Here’s a look at a pair of films covering popular mythologies now available in the Blu-ray format.
The Curse of La Llorona (Warner Bros. Home Entertainment, rated R, 93 minutes, 2.39:1 aspect ratio, $35.99) — Viewers once again returned to the “Conjuring” universe, this time to witness a heavy dose of the supernatural tied to Mexican folklore.
Now available on Blu-ray, first-time feature film director Michael Chaves’ monster movie relays a tale set in Los Angeles in 1973 featuring widowed social worker Anna Tate-Garcia (Linda Cardellini) battling a malevolent spirit trying to steal her young son and daughter with the intention of drowning them.
The one-trick pony horror film is short on creep and style but loaded with cheap jump scares; dark corridors and slamming doors; and scary reflections in mirrors as La Llorona or the “weeping woman” (dressed in a tattered white wedding dress with a veil covering her demonic face) stalks the family.
The mother finds a former priest (who works well with possessed eggs), recommended by Father Perez (the guy who had trouble with a certain doll named Annabelle), and the battle of good versus evil really begins.
What’s most annoying with the story is the family members come down with a serious case of the stupids that continually allows the ghoul to keep tormenting them.
However, what do I know? Despite the lackluster effort, audiences consumed this horror entry with a passion, delivering a $123 million box office with a reported budget of only a paltry $9 million.
And, actually, the most frightening part of the presentation is watching the short preview of “It: Chapter 2” on the disc that delivered a higher sweaty creep factor in a two minutes than the entire film.
Best extras: A perfunctory set-up bonus content offers a trio of featurettes (roughly 19 minutes in total) covering the legend, the production and the creation of the ghoul La Llorona (played by actress Marisol Ramirez), all backed up by interviews with principal cast and crew.
Additionally viewers get six deleted scenes (with one offering an extended ending) and seven storyboard sequences with two compared next to the actual scene in the movie.
Pokémon: Detective Pikachu (Warner Bros. Home Entertainment, rated PG, 104 minutes, 2.39:1 aspect ratio, $35.99) — Perhaps something more startling than a visit from La Llorona is witnessing a computer-animated, live-action version of the Pokémon universe.
Actor Ryan Reynolds, apparently not content with being Marvel’s coolest mercenary with a mouth Deadpool, decided to take on the vocal role of its star, the yellow, red-cheeked, pint-sized pop culture phenom wearing a Sherlock hat.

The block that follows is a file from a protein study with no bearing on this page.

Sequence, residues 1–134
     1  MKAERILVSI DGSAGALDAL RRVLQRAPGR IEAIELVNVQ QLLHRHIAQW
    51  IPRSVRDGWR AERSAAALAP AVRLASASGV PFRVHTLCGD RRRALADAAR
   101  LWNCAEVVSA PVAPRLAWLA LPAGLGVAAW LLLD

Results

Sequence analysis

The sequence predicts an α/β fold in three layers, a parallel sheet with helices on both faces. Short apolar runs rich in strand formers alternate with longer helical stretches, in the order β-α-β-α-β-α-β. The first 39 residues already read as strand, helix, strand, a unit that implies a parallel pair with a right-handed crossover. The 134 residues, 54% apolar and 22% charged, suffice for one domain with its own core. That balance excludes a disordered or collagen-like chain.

His presence salvages this nearly Disney Channel style story, loosely based on the major points of Nintendo’s 3DS game.
Director Rob Letterman’s creature-filled opus begins with two king-sized dorky guys Pokémon hunting (the friendly pairing of a live creature with a human) when the one named Tim Goodman (Justice Smith), a junior insurance agent, suddenly finds out his estranged police detective dad Harry was killed in a car accident.
He travels to Ryme City, a place packed with nearly all varieties of Pokemon working with humans, to learn the circumstances surrounding his father’s death and teams up with a fluent Detective Pikachu (Harry’s former partner) and cub reporter Lucy Stevens (Kathryn Newton) to crack the case.
Ah, but evil lurks around the investigation as a purple gas designed by a diabolical tech company threatens the balance of the Pokémon and human harmony.
If creatures such as a Magikarp, Snubbull, Flareon and Greninja put a smile on your kids’ faces, then watching these cuties in action will be quite an experience for the entire family.
I’ll admit to not embracing the whimsy and sometimes darker tone of the movie. However, it has an addictive charm thanks to Mr. Reynolds amusing quips and watching such scenes as the dragon-like Charizard battle Pikachu and a mountain-sized Torterra waking up.
It’s also interesting to note that the movie was shot old school using Kodak 35mm film, a rare event these days for movies loaded with computer-animated effects. The result, upscaled to 2K, is certainly warmer colors throughout and a touch of a noir presentation but not as crisp as one might find using all digital photography.
Best extras: First, hands down the best, watch the movie again with Detective Mode turned on.
Text and video pop-ups abound on the screen covering stats (category, type, size and weaknesses) of most all of the Pokémon; extra trivia nuggets (the first Pokémon games were released in Japan in 1996); director comments (his head appears in a bubble); Easter eggs; production snippets; and Miss Newton commenting on scenes.
The next worthy extra is a five-part, 21-minute-too-brief look at the production hosted by Miss Newton and Mr. Smith that covers the cast and crew gushing about the Pokémon legacy; the key cast talking about their characters; bringing the creatures to photo real life; practically building Ryme City (a mixture of Tokyo and London); and the fun-looking stunt work.
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